I decided not to use the stuffing Julia makes to accompany this braise because it includes veal and pork, and our friend Kat doesn't eat red meat. The vegetarian option at Saveur was still quite tasty. I don't know that I would bother roasting (and peeling) my own chestnuts again, but I'll be first in line if someone's got it roasted for me. I mean, I have never been more in fear of losing digits than when trying to cut an "x" on the chestnuts pre-roasting. Not even cutting up butternut squash compares to this kind of fear.
I'd love to try roasting the goose properly on a rack next time, as opposed to the braise. I can already imagine more fat rendering, leaving the skin perfectly crisp. And there is something absolutely fascinating about the foie gras-stuffed prunes that Julia has accompany the roast goose recipe.
I wanted to do Julia's recipe (in Vol. 2), but the thought of adding bread-making to my to-do list (for the crust in lieu of puff pastry) was just a little too overwhelming. She also calls for the tenderloin to be sliced and stuffed before wrapping in dough, and I was clumsy enough with the whole tenderloin.
What a magnificent creation, though. This definitely falls into "Last Meal on Earth" category. I didn't have truffles, so I just sauteed the mushrooms in truffle oil and seasoned them with truffle salt. Between that and the foie gras adding even more amazing meatiness to an already perfectly rare tenderloin, it was really all I could do to not pull the leftovers out of the fridge for a 3a snack.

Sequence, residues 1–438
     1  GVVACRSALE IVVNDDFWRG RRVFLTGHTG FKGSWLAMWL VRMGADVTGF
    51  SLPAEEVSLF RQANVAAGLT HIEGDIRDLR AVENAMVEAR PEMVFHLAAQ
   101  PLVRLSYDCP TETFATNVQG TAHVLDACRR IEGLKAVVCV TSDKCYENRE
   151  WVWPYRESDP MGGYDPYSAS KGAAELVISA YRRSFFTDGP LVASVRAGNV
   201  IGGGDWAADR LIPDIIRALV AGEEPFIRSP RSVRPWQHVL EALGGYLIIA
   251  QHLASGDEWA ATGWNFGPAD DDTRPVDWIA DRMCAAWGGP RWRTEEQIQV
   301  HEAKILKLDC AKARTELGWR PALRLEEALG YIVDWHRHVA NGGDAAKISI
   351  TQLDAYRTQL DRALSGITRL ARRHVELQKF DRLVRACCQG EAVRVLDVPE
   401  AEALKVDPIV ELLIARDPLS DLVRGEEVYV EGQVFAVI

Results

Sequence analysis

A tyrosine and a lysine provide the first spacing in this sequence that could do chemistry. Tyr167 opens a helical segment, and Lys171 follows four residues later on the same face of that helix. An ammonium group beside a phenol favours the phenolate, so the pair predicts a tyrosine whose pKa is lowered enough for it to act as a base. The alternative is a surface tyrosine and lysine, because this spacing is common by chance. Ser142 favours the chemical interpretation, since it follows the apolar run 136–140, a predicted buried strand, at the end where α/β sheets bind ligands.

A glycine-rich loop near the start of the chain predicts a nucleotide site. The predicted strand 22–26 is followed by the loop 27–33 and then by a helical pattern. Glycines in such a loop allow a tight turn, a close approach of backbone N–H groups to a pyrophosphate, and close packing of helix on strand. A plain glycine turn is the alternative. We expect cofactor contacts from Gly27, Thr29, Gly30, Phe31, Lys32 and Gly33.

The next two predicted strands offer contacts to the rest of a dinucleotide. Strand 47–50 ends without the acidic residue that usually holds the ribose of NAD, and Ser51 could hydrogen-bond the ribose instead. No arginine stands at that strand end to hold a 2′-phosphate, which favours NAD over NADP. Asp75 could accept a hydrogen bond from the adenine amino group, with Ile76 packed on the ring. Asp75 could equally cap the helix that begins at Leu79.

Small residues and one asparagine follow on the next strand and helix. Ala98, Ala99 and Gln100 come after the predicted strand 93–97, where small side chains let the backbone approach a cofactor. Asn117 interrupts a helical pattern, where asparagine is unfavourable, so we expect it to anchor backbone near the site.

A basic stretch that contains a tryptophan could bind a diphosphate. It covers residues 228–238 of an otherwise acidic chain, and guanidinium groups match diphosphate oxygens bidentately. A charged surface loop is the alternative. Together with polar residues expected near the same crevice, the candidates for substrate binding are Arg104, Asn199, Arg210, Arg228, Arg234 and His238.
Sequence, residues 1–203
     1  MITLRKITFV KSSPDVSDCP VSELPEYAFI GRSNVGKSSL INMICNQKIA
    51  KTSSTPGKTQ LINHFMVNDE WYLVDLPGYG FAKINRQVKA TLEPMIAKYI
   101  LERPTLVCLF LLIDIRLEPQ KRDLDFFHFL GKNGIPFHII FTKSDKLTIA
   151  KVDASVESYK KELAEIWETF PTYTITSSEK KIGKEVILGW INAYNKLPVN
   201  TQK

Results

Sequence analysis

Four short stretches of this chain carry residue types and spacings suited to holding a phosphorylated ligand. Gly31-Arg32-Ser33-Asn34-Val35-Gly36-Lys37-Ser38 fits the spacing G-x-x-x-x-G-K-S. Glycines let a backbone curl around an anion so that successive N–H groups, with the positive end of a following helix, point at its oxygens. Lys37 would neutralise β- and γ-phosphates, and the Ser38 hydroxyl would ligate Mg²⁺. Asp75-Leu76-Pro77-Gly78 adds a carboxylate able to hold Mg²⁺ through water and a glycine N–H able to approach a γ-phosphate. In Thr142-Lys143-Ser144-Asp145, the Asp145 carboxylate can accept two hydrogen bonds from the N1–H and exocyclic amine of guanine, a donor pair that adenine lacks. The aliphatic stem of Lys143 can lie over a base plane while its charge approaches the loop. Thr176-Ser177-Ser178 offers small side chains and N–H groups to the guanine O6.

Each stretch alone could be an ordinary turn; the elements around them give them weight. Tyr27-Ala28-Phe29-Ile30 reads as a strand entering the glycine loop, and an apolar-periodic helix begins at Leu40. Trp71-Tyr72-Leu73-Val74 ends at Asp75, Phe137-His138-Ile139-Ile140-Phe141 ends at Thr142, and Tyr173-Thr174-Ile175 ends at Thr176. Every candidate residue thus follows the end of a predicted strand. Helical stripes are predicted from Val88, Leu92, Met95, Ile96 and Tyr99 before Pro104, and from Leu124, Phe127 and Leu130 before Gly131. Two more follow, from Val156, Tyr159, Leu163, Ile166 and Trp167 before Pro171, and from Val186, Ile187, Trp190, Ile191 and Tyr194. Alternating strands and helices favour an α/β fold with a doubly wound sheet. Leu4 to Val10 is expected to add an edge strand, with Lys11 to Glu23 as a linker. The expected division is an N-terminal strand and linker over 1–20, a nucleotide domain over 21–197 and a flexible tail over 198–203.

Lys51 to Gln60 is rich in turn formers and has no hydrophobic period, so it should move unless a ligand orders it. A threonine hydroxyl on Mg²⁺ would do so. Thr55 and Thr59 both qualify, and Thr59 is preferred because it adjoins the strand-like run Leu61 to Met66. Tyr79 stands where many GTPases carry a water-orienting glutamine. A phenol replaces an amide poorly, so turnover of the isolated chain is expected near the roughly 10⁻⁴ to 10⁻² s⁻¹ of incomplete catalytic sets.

Mushroom Marsala Pasta with Artichokes
This was another option for the non-meat eaters. I got so frazzled at this point because it was getting to be a little later than I had planned for dinner to be served, so I skipped the cream and cheese part. It was still fantastic. If you're a mushroom lover, this one's for you. I might not even bother with the artichokes in the future - it's all about the mushrooms. I do plan on adding the cream and cheese part when I reheat the leftovers, though.
Haricots Verts a la Provencale (Julia, Vol. 1)
I actually didn't have any, but our friend Paul asked for more when I served him and more in his doggie bag. Good enough for me. :)
Kind of the sleeper hit. I mean "carrot" and "souffle" should not sound good together, in my opinion. But it was. And it's actually a very good party dish because it didn't deflate at all (it didn't rise either - just kind of set up a bit). Don't know if that's because I didn't get my eggs frothy enough, but that turned out better for me in terms of timing all the different parts of the meal.
Kat thought it was very dessert-like, which of course led my mind to racing about maybe replacing all of the savory ingredients with a little brown sugar and cinnamon.
And because I'm about to face-plant into my keyboard from being up at a godawful hour this morning to try on bridesmaid dresses (after obviously not very much sleep last night), I will tell you about our actual dessert, Meringue Nut Cake (Julia, Vol. 2), tomorrow.